Electron beam machines, equipment or systems are used to process materials. Electron beams provide a very focused energy source with a very small wavelength. The small wavelength allows electron beams to image with greater resolution than light beams.
Electron beam processing is extremely precise and can be controlled to provide the specific cure needed for the application. This is accomplished using computer systems which control dosage and penetration depth of the electrons. The molecular changes result in strengthened polymers; increased abrasion resistance; increased chemical resistance; and additional memory for shrink film. Processing is typically nearly instantaneous and operates without the creation of emissions or air pollutants.
Electron beam processing systems are specified based on the beam energy, beam voltage, beam current and beam power. The energy of the electron beam is specified in volts (V), kilovolts (kV), electron volts (eV), kilo electron volts (keV), mega electron volts (MeV). An electric field is generated between the anode and cathode to accelerate the electron. The voltage of the electric field is the accelerating voltage. The higher the speed of the electrons, the smaller the wavelength and the higher the resolution. The energy will be more concentrated and the depth of penetration greater as voltage increases.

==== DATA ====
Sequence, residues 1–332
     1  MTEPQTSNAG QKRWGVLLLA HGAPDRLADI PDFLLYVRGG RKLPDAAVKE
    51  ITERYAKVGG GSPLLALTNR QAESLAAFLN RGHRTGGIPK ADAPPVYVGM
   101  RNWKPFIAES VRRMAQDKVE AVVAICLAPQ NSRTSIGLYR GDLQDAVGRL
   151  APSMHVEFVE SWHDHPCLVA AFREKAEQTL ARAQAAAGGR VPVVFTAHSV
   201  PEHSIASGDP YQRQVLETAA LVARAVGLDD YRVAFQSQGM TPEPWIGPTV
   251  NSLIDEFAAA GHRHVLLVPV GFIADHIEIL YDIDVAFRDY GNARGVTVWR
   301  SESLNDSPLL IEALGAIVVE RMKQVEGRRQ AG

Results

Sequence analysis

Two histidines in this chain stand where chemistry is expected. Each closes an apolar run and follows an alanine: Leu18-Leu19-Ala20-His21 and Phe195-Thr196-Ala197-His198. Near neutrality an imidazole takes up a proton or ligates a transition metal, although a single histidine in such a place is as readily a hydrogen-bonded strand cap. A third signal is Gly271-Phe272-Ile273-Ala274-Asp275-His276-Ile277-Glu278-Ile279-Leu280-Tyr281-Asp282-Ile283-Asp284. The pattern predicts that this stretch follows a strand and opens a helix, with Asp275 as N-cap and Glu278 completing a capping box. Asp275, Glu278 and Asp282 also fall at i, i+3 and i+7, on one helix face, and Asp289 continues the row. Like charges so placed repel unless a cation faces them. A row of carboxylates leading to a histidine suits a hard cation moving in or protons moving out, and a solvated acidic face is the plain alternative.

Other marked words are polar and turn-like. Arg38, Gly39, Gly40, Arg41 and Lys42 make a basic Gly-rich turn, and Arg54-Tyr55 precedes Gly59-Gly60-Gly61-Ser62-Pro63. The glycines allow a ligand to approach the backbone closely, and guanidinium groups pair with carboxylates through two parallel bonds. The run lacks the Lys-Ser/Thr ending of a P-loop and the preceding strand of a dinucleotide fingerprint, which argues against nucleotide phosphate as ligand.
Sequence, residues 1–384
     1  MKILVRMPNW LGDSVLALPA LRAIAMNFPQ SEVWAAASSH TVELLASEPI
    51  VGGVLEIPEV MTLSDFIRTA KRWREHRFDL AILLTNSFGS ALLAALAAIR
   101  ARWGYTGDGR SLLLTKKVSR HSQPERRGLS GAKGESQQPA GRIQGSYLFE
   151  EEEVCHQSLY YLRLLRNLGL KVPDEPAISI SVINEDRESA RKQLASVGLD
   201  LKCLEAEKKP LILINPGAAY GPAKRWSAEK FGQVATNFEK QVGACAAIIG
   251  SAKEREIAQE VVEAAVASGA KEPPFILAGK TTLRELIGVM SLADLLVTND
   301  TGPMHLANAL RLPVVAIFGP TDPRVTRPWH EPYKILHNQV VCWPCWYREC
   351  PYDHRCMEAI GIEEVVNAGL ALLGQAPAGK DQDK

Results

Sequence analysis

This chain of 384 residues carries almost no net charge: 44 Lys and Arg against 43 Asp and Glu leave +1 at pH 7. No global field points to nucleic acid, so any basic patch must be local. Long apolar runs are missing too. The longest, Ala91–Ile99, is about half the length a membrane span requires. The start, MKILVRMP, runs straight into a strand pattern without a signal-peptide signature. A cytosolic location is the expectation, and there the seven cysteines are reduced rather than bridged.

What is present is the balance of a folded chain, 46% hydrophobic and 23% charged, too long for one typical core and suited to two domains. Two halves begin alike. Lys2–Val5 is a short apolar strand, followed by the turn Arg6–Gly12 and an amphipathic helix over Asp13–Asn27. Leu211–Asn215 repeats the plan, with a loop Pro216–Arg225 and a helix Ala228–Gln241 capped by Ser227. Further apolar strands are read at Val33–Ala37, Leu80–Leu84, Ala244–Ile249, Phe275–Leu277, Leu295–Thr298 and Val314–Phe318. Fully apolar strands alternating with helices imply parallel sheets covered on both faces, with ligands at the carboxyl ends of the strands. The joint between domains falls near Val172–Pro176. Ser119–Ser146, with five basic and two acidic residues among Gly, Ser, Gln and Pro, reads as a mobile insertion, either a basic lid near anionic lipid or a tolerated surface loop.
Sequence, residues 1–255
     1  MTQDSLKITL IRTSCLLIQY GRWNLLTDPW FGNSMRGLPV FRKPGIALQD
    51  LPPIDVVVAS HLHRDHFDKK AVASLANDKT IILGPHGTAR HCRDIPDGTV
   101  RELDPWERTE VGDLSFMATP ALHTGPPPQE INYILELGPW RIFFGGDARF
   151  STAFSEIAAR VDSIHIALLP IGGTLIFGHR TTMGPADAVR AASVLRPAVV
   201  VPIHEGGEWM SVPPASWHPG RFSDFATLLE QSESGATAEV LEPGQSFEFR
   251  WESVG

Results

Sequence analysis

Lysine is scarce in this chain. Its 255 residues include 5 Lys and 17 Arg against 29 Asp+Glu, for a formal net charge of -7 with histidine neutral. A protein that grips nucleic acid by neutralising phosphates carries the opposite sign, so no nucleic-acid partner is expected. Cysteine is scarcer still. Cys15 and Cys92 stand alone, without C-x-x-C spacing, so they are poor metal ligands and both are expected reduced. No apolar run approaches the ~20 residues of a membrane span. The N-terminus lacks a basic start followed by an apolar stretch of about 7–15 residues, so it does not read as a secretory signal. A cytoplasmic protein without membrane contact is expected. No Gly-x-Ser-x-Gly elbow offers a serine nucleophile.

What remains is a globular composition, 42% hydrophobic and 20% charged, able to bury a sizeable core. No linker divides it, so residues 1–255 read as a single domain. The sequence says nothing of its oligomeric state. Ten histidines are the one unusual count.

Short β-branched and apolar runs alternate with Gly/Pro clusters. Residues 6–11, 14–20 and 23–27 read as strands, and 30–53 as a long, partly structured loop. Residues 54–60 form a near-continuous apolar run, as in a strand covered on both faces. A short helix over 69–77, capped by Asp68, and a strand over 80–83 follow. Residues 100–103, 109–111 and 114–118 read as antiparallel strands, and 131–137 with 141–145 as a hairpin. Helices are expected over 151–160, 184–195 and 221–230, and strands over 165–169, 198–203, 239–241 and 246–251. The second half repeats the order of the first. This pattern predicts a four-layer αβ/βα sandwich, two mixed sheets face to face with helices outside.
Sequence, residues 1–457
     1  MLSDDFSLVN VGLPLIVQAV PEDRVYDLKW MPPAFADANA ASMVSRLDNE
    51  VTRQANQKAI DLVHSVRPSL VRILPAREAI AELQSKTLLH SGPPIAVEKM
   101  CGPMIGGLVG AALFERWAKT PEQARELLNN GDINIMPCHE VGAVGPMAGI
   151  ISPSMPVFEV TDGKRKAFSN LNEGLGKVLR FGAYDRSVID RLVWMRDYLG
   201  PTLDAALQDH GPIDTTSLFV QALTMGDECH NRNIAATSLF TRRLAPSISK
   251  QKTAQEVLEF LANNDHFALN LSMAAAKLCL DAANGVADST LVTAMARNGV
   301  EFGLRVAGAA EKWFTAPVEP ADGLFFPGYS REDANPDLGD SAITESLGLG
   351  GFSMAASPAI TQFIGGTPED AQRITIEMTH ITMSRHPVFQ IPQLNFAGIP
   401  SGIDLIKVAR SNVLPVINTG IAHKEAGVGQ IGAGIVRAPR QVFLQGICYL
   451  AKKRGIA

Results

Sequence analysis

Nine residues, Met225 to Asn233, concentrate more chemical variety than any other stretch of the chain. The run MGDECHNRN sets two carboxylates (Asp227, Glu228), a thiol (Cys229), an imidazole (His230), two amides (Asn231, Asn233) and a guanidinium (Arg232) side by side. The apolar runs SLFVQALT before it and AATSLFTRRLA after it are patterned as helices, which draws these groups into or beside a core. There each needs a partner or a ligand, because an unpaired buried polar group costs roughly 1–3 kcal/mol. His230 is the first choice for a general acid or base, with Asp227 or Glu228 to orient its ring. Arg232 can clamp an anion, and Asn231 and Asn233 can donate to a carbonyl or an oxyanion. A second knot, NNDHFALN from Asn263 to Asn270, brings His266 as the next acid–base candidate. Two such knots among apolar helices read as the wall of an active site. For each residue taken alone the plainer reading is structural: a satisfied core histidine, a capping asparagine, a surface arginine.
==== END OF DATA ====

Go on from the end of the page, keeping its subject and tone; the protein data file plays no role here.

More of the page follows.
Lower electron volt systems (lower than 1MeV) are characterized by beam voltage and beam current. Higher electron volt systems are characterized by beam voltage and beam power. Beam output or beam power is specified in watts (W) or kilowatts (kW). Beam power is important for the degree of dosing as well as the level of melting or welding. The actual surface power density in watts per cubic meter (W/m3) is important for understanding the depth of penetration and size of the heat affected zone (HAZ). Electron beam welds have very small heat affected zone due to their high surface power density.
Electron beam processing systems are available for several different types of applications. Electron beam systems are generally tailored for specific applications. For instance, a electron beam system designed for welding titanium components together in a vacuum would be much different than a electron beam system for crosslinking plastic or curing a resin coating within a cloth or composite structure.